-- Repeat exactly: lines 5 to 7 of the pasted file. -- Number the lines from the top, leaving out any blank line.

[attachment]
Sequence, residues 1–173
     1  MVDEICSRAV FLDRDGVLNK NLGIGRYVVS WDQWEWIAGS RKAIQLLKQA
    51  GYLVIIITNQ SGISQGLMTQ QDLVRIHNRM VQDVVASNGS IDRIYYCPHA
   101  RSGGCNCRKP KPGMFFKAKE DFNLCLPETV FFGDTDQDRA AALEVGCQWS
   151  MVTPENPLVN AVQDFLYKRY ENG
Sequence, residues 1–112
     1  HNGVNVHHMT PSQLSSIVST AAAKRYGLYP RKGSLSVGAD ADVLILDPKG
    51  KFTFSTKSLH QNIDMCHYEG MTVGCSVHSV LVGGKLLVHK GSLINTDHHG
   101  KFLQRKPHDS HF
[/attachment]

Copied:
   151  MVTPENPLVN AVQDFLYKRY ENG
Sequence, residues 1–112
     1  HNGVNVHHMT PSQLSSIVST AAAKRYGLYP RKGSLSVGAD ADVLILDPKG